My sister and I often marvel at how age seems to have crept up on us. Both in our fifties now, our hair is peppered with grey (hers shows less because she is the youngest – and blonde; mine only shows at the roots when I get careless, because I have been colouring my hair for years now). And of course, there are the myriad wrinkles and saggy bits that neither of us had in our twenties, thirties or even forties. We stare at one another; comparing our increasing imperfections, and we muse about how it was only yesterday that we were walking home together after school from swim practice, completely unaware and unappreciative of our youthful, perfect skin.
There are all these parts that hurt now: we are both painfully aware of our knees, our ankles, our lower backs and our necks. We exercise, not to look great, but to feel great; to strengthen our bodies for the onslaught of aging that still lies ahead. At this stage in our lives, sitting cross-legged on the floor is an invitation for every muscle you own to contract in protest when you (most inelegantly, by the way) try to stand up. Sometimes, when my back is really hurting, I carry around an orthopaedic cushion to sit on. I even take it to the movies with me. And the relief it affords my lower back overrides any embarrassment at being seen in public carrying such an ‘old-person’ contraption around. I often smile to myself that I wouldn’t have been caught dead in public with such a horror in my twenties.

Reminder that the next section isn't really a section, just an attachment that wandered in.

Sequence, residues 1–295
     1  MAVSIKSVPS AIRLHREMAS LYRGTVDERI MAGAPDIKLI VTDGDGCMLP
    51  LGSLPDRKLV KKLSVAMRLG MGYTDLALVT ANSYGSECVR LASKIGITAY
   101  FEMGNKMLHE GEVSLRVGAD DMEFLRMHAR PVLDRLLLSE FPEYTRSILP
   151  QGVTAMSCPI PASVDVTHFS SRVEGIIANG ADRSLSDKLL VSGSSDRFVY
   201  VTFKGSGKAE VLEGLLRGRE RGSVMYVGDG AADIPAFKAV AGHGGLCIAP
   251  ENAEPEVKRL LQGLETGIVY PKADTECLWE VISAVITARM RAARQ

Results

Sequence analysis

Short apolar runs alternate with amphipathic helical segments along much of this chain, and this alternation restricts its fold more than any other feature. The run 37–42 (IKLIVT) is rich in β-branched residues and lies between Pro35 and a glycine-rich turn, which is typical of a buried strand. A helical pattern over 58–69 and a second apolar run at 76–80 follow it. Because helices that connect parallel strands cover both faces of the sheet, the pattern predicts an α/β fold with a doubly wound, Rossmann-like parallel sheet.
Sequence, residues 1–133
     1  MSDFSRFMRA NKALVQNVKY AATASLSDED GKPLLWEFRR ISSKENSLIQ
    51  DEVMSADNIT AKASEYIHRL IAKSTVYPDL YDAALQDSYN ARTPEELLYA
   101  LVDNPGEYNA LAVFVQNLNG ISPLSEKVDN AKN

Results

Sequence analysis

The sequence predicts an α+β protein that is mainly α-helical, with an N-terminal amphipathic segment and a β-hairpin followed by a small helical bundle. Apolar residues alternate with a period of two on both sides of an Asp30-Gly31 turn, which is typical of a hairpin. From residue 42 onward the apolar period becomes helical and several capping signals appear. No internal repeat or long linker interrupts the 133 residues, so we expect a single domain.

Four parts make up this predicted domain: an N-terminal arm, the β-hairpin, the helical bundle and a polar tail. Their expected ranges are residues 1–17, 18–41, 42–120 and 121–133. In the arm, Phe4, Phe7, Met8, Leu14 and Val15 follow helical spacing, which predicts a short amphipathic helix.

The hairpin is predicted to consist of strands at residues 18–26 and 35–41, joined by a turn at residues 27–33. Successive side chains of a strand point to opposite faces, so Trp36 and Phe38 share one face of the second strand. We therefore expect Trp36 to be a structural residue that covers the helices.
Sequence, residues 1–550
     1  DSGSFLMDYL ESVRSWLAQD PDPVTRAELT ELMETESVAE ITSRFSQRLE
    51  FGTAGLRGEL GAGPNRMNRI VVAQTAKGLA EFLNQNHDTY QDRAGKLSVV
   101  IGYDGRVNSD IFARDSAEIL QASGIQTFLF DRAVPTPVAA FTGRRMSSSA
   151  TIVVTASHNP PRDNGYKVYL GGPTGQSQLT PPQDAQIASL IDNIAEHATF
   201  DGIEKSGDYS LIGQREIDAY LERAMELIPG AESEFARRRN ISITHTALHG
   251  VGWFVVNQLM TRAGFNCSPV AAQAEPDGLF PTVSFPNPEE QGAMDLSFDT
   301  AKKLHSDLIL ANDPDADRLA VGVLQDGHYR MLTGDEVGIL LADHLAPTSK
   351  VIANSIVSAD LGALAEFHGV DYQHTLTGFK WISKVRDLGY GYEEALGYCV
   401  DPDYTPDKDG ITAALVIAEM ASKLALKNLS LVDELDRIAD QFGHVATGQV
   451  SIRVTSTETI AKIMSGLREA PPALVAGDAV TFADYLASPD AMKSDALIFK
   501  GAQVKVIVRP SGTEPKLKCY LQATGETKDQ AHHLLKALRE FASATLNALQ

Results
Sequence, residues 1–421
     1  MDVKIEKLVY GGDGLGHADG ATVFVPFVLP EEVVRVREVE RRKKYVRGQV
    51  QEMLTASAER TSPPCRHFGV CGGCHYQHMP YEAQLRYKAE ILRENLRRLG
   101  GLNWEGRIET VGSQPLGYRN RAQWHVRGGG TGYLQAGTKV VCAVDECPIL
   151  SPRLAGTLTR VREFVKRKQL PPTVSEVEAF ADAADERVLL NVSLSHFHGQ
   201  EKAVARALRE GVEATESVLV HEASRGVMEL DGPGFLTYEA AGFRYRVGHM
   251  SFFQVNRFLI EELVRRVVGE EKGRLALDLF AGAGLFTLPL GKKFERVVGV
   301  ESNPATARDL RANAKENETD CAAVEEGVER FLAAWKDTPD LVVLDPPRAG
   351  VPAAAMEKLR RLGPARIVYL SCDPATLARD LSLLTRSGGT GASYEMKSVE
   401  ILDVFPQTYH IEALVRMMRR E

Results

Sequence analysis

The best thing about aging is how your self-image shifts and somehow grows kinder; more loving. I look at pictures of me as a young woman and all I recall feeling about myself at the time was unattractive. Now with an objective – and much kinder – eye, I look at those photos and I see how wrong I was. I was no runway model, but I was far lovelier that I ever knew.
I look at myself in the mirror today and I see the grey roots; the saggy bits; the wrinkles; the extra pounds that are so much harder to get rid of now. But I also see wisdom, peace, acceptance, a lifetime of experience and a lifetime of mistakes that I have learned from. I see courage and understanding and… a softness that wasn’t there before; I’m sure of it.
At this age, it’s not really about beauty anymore, which is ironic, because I have never felt so beautiful…
Patti Moore Wilson © wednesdayschildca.wordpress.com